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David Geller

David Geller: Electric Co.

Energize your holiday sales by giving electronics to your store’s highest sellers, suggests David Geller. Would you spend a measly $1,594.95 to have a fabulous Christmas?

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IF YOU’VE BEEN DOUBTING the value of paying commission at all or have thought of making your current commission plan stronger, then read on. Commission plans reward folks for doing their best. Give ‘em twenty bucks and they might smile. But give ‘em a steak dinner at Outback and they just might sell like crazy!

Both rewards cost you only $20, right? But not everyone is money-hungry. Some folks are hungrier for recognition. And some are just plain hungry —and a steak dinner would definitely hit the spot for these.

Have you ever had a sales staff member say “I don’t want commission, I love what I do, and I get goose bumps making people happy”? Yeah, right. See what happens if you give them something they can touch and feel, like a Sony 32” Flat Screen LCD television.

Now we’re cooking! Online at www.circuitcity.com, I found the Sony TV for $599.99. Last year I suggested that a jeweler buy that exact model television and put it in the back of the store at Thanksgiving with a big sign on it reading, “The person with the largest total sales through December 24 gets this TV!”

He had his best holiday season ever. You can, too. You could make this Christmas an “Electronic Christmas”. Buy the following prizes, put them in your back room, along with a sign that reads:

Highest Sales for Christmas by Dollar Volume:

  1. Sony 32” Sony Flat Screen TV ($599.99);
  2. Audiovox 15” LCD TV ($449.99);
  3. Apple iPod Mini personal stereo ($249.49);
  4. Sony Shelf Stereo with 5-CD disc changer ($152.99);
  5. Palm Pilot Zire Organizer ($142.49).

Prices isted are taken from Circuit City. Together, they add up $1,594.95. (You can offer lower- or higher-budget items depending on your sales revenues.) You may want to set a minimum sales level to be eligible for the prizes. (Smart move.) There’s also nothing wrong with having two people hitting a certain sales level and both getting a $599 TV. Your team’s excitement over actually seeing your prizes in the room will be well worth it during December. And imagine how good they will feel taking their reward home on December 24th for their whole family to see.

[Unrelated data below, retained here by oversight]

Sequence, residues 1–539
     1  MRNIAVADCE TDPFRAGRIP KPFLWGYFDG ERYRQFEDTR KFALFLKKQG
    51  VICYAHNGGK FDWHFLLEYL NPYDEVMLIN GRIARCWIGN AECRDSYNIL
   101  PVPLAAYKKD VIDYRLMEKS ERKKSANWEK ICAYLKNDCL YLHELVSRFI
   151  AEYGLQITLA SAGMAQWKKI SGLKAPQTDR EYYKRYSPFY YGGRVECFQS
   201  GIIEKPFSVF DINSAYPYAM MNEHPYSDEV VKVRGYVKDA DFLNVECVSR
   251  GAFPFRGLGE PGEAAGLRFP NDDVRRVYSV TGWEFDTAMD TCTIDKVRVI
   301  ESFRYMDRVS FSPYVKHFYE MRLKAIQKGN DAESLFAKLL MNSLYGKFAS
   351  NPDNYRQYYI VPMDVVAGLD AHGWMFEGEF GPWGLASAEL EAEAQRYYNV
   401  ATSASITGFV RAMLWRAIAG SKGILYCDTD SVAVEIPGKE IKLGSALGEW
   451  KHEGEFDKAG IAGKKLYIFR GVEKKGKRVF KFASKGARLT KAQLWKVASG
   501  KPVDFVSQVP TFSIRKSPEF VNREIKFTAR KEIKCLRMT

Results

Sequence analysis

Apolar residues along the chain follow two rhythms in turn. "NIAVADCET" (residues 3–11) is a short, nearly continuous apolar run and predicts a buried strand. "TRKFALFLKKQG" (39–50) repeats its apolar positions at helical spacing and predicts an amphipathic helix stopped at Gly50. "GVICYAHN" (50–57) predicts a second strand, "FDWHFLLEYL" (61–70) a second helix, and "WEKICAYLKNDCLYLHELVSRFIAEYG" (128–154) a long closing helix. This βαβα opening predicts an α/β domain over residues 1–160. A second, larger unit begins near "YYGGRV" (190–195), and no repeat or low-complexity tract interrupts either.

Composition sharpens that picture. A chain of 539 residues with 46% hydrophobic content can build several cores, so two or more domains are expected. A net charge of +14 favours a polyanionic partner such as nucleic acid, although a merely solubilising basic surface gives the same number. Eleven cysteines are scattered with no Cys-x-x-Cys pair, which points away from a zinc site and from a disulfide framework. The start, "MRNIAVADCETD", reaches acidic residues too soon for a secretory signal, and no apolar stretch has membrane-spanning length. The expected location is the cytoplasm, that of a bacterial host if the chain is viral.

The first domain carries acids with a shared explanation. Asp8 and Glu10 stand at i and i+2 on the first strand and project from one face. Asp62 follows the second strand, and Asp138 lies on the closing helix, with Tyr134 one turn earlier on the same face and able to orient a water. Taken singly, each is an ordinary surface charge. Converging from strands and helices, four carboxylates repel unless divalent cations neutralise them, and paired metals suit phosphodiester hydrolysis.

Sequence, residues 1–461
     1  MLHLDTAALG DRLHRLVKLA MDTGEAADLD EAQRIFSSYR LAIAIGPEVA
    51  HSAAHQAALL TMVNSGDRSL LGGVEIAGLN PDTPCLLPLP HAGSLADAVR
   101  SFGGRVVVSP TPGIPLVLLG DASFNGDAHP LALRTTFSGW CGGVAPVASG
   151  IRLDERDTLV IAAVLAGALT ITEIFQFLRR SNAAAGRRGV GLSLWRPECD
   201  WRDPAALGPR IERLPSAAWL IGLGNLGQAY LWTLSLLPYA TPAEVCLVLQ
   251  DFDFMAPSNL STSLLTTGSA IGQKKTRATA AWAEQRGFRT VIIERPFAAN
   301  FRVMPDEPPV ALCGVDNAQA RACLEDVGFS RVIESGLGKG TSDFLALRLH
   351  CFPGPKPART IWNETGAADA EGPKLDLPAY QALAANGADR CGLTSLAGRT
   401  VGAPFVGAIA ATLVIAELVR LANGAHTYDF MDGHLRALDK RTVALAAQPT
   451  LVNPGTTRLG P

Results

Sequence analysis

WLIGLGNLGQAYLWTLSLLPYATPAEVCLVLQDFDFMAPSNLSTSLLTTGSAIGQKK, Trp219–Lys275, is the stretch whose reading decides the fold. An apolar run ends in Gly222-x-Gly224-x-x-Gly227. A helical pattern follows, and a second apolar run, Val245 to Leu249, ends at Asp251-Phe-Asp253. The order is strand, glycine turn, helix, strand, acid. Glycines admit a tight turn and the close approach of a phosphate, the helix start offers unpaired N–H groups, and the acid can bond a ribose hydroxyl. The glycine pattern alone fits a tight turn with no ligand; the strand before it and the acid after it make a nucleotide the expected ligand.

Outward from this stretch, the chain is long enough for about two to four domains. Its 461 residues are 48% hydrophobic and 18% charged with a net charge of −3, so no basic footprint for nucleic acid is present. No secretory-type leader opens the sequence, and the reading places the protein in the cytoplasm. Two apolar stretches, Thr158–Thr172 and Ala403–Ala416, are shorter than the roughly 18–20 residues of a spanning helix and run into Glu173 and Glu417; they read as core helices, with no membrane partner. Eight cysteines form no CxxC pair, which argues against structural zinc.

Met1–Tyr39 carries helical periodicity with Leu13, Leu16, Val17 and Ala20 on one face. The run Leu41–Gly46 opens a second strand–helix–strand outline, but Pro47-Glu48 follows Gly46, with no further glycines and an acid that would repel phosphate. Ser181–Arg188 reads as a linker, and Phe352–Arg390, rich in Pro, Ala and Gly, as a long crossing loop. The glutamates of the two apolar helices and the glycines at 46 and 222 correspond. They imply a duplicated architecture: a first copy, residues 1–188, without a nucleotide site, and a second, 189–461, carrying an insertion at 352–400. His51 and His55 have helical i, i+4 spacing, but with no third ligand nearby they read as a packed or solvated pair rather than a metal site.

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What about other staff members who are not out on the sales floor? Simple — if the company reaches its total sales goal, give everyone else either a gift certificate for a flat amount to an electronic store or you could make up the same style of rewards for them. Or give them all a Palm Pilot, cell phone or another prize in that price range. This is not to indicate that back staff is less important than the sales staff. Not at all. But the salespeople are race horses and admin and jeweler staff are usually work horses. And, after all … nothing happens until something is sold.

Be sure to make it fun for your team. Have a chart showing sales for the store and individual sales. You’ve seen charity drives where they have a thermometer and color each segment in as they reach higher and higher dollar goals. Do the same for your store sales — but, in addition to the dollar amounts, paste pictures of the prizes on there too.

You’ll have a great Christmas season and the staff will rise to the occasion. You’ll also be able to see how rewards motivate them.

Then in 2005 we’ll go more in depth how to get your feet wet with a compensation plan with more meat to it.

Quick, turn on HBO. They’re playing Death of a Salesman.

This story is from the November 2004 edition of INSTORE.

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David Geller is a 14th-generation bench jeweler who produces The Geller Blue Book To Jewelry Repair Pricing. David is the “go-to guy” for setting up QuickBooks for a jewelry store. Reach him at david@jewelerprofit.com.

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It Was Time to Make a Decision. It Was Time to Call Wilkerson.

Except for a few years when he worked as an accountant, Jim Schwartz has always been a jeweler. He grew up in the business and after “counting beans” for a few years, he and his wife, Robin, opened Robin James Jewelers in Cincinnati, Ohio. “We were coming to a stage in our life where we knew we have to make a decision,” says Jim Schwartz. He and Robin wanted to do it right, so they called Wilkerson. The best surprise (besides surpassing sales goals)? “The workers and associations really care about helping us move out own inventory out of the store first. It was very important to us.”

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